Space is at a premium in urban centres, and you might not have enough space in your backyard to plant as many vegetables as you like. But have you ever thought of going out into your front yard?
In some neighbourhoods, the front yard space is even larger than the backyard space, and can easily help you double your available gardening space.
If you’re thinking of starting a front yard vegetable garden, check with your city or municipality that they are allowed, ask for a line locate from your power, energy, or cable company, and start dreaming up your new raised bed vegetable garden!
Here’s how I made over part of my front yard into a raised bed vegetable garden.
Our front yard was pretty uninspiring, to say the least. In the previous year my husband constructed these cheap wooden raised beds for me because I could not fit in everything I wanted to plant in the backyard. I had even more plans to expand my vegetable garden, so the dried out potentillas had to go.
The potentillas were so overgrown and parts of them were even starting to rot. I’m sure they were beautiful in their time, but if I was going to keep them, they were in desperate need of a good pruning because they didn’t flower very much in the summer.
Ordering Soil and Mulch
I’m not sure why, but the thought of ordering soil and mulch from a landscaping company seemed really overwhelming to me. However, I knew that this was too big of a project to be dragging bags of the stuff from a big box store back and forth in my truck.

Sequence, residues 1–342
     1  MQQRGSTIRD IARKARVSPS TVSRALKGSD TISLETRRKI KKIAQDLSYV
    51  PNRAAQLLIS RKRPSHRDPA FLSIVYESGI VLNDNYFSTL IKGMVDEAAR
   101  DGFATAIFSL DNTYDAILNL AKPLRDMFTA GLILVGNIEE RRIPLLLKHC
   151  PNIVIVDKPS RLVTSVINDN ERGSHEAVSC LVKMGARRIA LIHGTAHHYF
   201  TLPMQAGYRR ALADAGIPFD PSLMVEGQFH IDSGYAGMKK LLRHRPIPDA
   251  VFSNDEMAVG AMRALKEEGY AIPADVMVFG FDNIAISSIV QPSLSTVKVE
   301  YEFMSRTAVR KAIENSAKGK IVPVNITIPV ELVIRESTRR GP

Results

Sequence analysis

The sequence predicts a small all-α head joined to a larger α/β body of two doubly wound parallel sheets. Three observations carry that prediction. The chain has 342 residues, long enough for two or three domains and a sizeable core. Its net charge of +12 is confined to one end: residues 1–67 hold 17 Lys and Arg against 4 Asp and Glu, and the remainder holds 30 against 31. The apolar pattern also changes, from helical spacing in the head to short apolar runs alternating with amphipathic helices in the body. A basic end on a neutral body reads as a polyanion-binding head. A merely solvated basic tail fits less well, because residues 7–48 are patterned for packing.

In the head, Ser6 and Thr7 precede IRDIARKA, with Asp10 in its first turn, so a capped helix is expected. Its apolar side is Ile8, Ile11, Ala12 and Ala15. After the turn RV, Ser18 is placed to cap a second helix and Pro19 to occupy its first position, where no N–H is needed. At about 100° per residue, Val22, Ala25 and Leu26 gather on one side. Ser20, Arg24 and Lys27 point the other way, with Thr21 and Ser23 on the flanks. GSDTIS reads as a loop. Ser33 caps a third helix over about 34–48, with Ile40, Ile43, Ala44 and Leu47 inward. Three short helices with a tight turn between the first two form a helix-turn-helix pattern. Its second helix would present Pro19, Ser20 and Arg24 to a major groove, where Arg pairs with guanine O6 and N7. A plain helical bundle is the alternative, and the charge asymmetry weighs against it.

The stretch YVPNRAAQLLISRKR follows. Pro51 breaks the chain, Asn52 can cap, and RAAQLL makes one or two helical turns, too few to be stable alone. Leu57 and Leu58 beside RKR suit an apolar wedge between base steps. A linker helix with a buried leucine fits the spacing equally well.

However, I went with a friend to one of the larger companies in the city and got it done!! I ordered 1 yard of pine mulch (the cheapest option) and 2 yards of soil with compost and peat already mixed in.
I assumed that because compost and peat was already mixed in, that I wouldn’t have to make any further amendments to my soil.
I was wrong.
While the vegetables in the new soil performed alright, there was a noticeable difference from the ones in the soil that I had been improving with compost and manure for 3 years.
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Though these piles may seem on the small side, it still took me around 9 hours of work to move everything with a wheelbarrow to where it needed to be. Since I don’t have a driveway, I had to get it all done in one day before any of my neighbours complained to the city.
If you are in this situation, check the city bylaws to see how long you as a homeowner can leave something like this out on a city street. In my city it’s 24 hours, but in some places it can be as short as 6 or as long as 48. If you need longer, you may have to apply for a permit.
The moral of the story? Schedule your delivery for a day when you know you have the entire day to deal with your soil and mulch!!
Creating My Raised Bed Vegetable Garden
I filled up the raised garden beds with soil, surrounded the area with cardboard, and layered over a 4 inch layer of mulch.
Technically, I could have left the grass, but I wanted this project to be as maintenance free and neat looking as I possibly could. I don’t want to risk getting complaints from my neighbours because I am behind on the weeding.
The occasional weed will still come through your mulch. However, I can promise you that these weeds are super easy to pick–especially when you compare the amount of weeds you would have otherwise.